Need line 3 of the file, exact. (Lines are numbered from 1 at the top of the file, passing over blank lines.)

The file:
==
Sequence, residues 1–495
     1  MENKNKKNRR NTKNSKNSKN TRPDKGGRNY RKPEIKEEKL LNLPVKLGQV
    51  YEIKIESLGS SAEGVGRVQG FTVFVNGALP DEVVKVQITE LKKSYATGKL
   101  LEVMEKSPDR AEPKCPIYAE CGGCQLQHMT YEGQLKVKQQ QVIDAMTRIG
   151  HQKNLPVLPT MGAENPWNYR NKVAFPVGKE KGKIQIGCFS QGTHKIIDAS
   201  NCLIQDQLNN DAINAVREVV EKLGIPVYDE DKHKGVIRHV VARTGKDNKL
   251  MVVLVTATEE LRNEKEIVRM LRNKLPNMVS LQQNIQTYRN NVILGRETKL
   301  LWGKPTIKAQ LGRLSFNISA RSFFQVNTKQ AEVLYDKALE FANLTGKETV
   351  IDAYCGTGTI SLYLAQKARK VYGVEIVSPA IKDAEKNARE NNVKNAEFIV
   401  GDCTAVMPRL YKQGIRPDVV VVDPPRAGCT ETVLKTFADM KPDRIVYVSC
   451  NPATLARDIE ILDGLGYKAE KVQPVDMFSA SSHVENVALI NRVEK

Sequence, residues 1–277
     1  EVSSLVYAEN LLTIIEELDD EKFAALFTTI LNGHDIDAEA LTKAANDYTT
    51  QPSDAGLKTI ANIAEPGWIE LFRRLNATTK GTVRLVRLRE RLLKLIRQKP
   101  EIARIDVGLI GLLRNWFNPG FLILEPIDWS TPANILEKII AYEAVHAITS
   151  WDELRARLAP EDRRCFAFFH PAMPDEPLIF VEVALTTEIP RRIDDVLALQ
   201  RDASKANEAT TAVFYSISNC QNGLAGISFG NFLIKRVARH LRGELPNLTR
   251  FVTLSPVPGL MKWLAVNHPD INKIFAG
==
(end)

    51  YEIKIESLGS SAEGVGRVQG FTVFVNGALP DEVVKVQITE LKKSYATGKL